One of my parent friends gave me a cast -of- characters "portrayal" of the "types" he encounters at dinner parties: the people who bemoan the increased usage by our youth on one hand while being the ones who admit they either "know nothing of that computer stuff, and/or are the ones Facebooking you at 8:00 at night, and/or are secretly happy that their kids are quiet somewhere, and/or isn't that cute little Sarah already has 100 friends on Facebook and she's only 8 - how popular?"

The other obvious route for tech-overload is just to unplug...have specific times that are simply designated "unwired time".    This is the easiest home tradition to enforce and apparently it is working for a lot of friends and colleagues.  It initially can be unnerving if you are a household with TV's, laptops and Nintendo's all operating at once. 

For those of us who are saying "Horrors, couldn't possibly be us" - it's like asking how many calories a day one consumes and why is the real answer always a surprise?    The off-limit time seems to work this household and "methinks the parents have the harder time of it".  (Sad, but true.)   

This is new territory every day (just heard of a new video Facebooky site that I'm still wrapping my head around - apparently high schoolers are into it already),  all but let's not throw up our hands in the air in retreat.  Know this is just the tip of the ice-berg but think privacy is one of the most key issues of our time.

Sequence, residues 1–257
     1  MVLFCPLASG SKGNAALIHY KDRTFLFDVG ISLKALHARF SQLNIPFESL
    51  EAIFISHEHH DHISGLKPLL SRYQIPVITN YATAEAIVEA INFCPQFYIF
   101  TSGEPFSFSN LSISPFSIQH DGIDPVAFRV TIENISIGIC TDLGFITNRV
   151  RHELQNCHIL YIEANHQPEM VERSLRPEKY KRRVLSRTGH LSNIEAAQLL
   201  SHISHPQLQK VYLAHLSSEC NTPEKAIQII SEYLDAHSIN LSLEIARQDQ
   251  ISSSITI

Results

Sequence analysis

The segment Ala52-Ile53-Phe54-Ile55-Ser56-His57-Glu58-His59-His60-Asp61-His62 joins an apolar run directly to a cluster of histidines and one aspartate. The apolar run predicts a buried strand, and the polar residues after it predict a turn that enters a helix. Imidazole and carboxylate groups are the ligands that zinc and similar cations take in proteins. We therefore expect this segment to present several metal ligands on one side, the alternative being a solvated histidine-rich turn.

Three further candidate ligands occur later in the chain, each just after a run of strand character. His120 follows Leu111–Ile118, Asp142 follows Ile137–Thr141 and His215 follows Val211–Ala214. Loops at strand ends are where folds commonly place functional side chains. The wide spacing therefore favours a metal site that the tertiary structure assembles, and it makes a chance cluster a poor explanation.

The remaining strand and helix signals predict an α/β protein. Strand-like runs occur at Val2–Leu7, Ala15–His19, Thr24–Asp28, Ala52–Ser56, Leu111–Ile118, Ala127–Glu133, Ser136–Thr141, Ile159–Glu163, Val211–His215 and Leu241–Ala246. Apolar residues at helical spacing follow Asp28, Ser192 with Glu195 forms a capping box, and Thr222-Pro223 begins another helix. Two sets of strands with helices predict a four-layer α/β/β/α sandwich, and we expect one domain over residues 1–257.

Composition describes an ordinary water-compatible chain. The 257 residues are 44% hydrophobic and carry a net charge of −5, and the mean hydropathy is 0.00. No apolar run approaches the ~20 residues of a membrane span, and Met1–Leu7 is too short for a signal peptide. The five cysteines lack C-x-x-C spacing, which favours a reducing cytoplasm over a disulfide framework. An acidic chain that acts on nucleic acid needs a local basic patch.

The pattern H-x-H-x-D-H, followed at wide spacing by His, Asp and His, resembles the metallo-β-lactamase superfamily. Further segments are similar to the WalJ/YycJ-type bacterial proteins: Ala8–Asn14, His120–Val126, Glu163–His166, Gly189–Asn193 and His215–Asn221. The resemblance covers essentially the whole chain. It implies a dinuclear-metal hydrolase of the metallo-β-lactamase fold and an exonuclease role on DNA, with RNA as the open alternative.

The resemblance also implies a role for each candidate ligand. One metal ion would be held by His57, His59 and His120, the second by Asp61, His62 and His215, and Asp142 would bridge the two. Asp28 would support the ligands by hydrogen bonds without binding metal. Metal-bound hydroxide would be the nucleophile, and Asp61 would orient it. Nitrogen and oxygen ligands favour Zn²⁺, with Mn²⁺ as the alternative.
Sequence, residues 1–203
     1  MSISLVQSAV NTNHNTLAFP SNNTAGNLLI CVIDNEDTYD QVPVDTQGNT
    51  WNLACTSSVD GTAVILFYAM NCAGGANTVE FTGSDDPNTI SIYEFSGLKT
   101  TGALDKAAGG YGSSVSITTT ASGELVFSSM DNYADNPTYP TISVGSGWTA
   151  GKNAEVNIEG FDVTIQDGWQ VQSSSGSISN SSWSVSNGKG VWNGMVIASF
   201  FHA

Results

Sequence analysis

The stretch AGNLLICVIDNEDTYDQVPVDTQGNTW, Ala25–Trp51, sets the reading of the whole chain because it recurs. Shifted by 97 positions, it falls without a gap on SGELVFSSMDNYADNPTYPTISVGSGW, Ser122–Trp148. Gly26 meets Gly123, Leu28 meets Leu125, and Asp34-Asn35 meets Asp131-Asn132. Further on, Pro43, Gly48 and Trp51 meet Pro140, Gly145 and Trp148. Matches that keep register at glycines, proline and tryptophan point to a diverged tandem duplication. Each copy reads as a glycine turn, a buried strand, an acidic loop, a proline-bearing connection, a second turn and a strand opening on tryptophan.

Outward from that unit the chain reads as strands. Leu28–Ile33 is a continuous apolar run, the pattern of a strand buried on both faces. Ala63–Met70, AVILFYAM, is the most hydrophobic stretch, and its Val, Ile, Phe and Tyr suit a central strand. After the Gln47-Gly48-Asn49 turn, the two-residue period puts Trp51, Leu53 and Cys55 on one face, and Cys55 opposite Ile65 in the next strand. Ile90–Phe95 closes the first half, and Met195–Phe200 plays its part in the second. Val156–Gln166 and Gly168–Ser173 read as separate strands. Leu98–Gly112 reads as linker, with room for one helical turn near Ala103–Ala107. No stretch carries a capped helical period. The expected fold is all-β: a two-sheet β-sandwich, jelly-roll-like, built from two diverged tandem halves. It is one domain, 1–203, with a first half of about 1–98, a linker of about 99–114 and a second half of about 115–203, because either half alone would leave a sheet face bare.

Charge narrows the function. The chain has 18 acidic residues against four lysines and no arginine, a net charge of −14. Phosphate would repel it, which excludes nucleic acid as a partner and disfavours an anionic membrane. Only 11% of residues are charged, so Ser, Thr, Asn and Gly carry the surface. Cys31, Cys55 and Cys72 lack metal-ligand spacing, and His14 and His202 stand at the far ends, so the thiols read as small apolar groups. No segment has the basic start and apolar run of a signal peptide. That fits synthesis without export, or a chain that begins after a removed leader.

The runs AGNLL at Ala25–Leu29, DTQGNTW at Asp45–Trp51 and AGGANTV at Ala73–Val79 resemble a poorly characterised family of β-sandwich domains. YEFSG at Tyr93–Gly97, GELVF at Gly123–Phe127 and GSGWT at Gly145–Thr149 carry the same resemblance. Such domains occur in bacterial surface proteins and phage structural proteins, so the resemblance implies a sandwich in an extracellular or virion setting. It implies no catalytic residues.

Back to Google Buzz.    Here are links to three good articles to get up to speed:

The first is CNET's "What Google Needs To Learn From Buzz Backlash" here.

Another link here:

What is more surprising? The fact that Google claims it was taken aback by the negative reaction to its Buzz feature, the one that ventured to make public your most frequent e-mail contacts? Or the fact that a couple of law firms have got together to present Google with a class action lawsuit?
According to the San Francisco Chronicle, law firms in San Francisco and Washington, D.C. have filed a suit on behalf of Eva Hibnick. Hibnick is a Florida woman who has been chosen to represent the many Gmail users who felt, well, used, when Google launched Buzz.


Here's the third from Jared Newman over at PC World.  Link here to full article:

As the initial excitement over Google Buzz turned to fears of poor privacy safeguards, Google scrambled to tweak the social networking service and satisfy its users. The result is a Google Buzz that's fundamentally different than the one Google unveiled at its Mountain View headquarters last week.

Two short videos below (the 2nd one drops the "f - bomb" so no kids around please).   The first is the original launch promo with the second being a parody:






 




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If you see two children, one of whom is clean and the other is dirty, you tend to suppose that the clean one's parents have a larger income than the parent of the dirty one. Consequently snobs try to keep their children very clean. This is an abominable tyranny which interferes with the children doing a great many of the things they had better be doing.
Bertrand Russell (1872-1903), British philosopher, mathematician, historian, As Quoted In "The Teacher and the Taught" (1963)